Overview of Tracheal Surgery
Children's Hospital of Wisconsin is one of fewer than five hospitals in the nation with the expertise to care for children with complex tracheal disorders. Operations on the trachea are complicated and take a well-coordinated surgical team.
Children's Hospital's team includes an ear, nose and throat surgeon experienced in the upper trachea, a cardiothoracic surgeon who specializes in the lower trachea and lungs, and a pediatric anesthesiologist who is able to keep the patient breathing while the trachea is being repaired.
Conditions requiring tracheal surgery are rare, but include:
- Tracheal stenosis
- Tracheal malasia
- Tracheal/Bronchial stenosis
- Trachea/Bronchial malasia
- Pulmonary artery sling
- Complete tracheal rings
- Tracheal fistula
- Tumor of the airway or chest
In addition to diagnosis and treatment, our Tracheal Program offers:
- A Family Accommodations Program to help make travel arrangements and coordinate appointments for families traveling to our center from a long distance.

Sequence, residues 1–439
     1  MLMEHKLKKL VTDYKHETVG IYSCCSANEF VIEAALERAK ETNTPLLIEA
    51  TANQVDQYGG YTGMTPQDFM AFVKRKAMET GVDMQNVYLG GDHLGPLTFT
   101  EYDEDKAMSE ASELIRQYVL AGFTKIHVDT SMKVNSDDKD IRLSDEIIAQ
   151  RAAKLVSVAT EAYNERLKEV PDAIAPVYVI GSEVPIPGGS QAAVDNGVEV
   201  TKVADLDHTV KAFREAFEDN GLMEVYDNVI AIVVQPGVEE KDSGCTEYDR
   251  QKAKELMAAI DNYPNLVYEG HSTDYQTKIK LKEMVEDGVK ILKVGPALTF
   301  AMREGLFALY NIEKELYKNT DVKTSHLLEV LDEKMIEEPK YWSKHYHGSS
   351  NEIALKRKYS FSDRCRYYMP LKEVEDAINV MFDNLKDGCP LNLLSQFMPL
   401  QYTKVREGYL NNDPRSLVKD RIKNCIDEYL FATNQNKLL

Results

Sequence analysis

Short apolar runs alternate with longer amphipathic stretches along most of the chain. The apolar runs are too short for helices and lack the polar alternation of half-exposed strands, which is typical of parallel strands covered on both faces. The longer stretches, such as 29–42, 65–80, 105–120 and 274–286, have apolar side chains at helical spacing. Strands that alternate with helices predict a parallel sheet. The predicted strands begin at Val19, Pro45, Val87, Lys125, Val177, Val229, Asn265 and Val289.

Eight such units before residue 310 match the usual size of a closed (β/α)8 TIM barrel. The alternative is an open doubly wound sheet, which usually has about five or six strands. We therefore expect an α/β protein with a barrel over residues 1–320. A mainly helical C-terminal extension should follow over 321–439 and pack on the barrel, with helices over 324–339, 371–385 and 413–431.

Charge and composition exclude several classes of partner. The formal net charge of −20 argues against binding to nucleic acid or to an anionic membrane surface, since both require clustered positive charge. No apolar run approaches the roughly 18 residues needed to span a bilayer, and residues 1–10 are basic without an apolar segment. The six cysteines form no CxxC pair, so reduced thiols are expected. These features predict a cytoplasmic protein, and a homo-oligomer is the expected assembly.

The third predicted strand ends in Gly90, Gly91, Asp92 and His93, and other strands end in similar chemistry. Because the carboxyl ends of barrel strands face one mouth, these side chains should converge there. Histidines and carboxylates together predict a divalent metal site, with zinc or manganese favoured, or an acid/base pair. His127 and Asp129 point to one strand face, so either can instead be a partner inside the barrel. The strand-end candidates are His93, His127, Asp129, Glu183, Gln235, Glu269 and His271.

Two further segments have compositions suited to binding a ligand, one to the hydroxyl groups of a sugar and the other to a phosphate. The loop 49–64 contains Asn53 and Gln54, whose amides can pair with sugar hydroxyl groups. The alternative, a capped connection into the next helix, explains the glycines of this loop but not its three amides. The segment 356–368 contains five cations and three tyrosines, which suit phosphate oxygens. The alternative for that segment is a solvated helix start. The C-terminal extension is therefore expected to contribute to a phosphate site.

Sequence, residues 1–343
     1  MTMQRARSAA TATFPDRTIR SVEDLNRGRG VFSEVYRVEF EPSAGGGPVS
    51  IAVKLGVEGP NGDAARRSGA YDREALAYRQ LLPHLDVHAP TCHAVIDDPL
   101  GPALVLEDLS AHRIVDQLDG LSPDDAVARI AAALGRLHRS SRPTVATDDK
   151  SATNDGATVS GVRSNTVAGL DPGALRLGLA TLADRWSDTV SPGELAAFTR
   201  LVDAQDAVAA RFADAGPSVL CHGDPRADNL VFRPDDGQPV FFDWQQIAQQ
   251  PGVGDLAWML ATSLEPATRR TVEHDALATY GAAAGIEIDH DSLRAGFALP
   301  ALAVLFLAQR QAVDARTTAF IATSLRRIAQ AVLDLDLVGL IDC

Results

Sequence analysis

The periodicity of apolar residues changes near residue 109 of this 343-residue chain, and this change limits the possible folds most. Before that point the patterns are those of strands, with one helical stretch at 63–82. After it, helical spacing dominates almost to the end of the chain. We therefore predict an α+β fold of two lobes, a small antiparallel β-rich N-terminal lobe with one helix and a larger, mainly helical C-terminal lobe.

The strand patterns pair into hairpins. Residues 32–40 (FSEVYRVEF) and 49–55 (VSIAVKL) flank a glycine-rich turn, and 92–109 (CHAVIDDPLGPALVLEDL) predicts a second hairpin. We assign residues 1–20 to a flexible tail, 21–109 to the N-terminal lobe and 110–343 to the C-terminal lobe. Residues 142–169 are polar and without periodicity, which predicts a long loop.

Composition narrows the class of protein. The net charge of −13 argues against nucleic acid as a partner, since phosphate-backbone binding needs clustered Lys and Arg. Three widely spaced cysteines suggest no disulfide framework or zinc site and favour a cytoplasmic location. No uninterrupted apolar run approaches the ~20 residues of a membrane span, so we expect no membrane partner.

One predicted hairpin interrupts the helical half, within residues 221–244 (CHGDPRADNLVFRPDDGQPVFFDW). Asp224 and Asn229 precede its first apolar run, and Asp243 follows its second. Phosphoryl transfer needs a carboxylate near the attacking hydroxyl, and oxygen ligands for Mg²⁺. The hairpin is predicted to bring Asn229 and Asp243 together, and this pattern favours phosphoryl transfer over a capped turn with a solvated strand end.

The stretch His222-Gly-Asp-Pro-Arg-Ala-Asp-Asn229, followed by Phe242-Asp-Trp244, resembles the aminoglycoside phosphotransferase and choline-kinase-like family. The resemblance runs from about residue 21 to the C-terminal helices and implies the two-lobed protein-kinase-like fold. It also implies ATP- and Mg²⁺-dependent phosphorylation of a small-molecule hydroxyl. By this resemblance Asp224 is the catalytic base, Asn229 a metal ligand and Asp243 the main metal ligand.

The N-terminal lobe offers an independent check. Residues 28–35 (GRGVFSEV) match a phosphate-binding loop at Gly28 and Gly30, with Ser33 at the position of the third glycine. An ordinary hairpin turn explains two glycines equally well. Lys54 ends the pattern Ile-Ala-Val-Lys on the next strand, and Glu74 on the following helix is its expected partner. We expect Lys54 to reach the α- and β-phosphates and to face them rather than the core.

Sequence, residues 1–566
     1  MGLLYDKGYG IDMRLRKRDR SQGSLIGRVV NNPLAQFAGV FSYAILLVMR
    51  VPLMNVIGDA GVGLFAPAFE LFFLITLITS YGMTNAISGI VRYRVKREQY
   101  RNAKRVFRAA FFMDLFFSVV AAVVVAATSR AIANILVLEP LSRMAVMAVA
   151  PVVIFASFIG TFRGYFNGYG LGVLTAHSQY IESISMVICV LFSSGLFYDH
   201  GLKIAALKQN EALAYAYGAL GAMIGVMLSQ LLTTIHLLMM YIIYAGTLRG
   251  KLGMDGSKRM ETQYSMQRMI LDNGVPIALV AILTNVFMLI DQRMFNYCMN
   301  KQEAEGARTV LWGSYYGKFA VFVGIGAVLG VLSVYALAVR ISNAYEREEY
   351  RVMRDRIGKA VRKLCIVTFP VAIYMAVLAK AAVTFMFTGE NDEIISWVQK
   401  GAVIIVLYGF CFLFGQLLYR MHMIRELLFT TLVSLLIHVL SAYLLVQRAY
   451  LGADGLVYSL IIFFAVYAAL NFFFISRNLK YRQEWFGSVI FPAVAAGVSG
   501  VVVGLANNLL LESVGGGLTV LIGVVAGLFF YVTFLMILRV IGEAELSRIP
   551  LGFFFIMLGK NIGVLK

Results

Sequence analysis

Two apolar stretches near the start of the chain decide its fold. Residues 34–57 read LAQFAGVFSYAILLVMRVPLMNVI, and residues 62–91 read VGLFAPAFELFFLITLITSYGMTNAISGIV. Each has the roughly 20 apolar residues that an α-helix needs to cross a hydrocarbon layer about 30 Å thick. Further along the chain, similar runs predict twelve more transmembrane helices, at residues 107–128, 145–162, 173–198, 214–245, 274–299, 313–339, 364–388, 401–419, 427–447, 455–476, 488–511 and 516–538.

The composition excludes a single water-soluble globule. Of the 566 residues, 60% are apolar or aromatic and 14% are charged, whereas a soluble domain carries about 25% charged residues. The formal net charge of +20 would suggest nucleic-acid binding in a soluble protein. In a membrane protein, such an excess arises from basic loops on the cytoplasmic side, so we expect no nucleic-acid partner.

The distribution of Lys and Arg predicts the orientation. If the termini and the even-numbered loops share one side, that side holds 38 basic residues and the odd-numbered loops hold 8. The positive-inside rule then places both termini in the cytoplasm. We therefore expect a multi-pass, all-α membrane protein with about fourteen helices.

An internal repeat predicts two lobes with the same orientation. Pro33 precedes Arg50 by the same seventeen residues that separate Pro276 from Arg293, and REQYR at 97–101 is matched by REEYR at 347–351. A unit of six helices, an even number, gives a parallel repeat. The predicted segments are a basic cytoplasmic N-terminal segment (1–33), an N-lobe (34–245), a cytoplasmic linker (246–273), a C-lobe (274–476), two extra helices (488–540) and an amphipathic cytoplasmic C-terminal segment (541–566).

- A highly specialized Children's Transport Team available 24 hours a day to stabilize and transport seriously sick and injured infants and children to our center. Nearly 1,500 transports are provided each year.
- Specialists trained at the Great Ormond Street Hospital in England, currently the largest center in the world for tracheal surgeries.
- A cardiac intensive care unit where children receive the highest level of care possible by pediatric-trained nurses and physicians.
- The support of our world-class Herma Heart Center, one of the leaders in cardiothoracic surgery in the country.
- Close follow-up in our Airway, Digestive and Voice Center where patients receive regular bronchoscopies, bronchograms, exercise testing and neurodevelopmental checks to diagnose and treat any potential problems as quickly as possible.
- Two nurses dedicated to the care of tracheostomy patients from surgery through long-term follow-up. A discharge coordinator also helps arrange for home nursing care for patients.
- Genetic research to determine the root cause of these problems, as well as quality of life studies to ensure children develop to their fullest potential.
- A Palliative Care Program to support families during treatment as well if treatment is not chosen.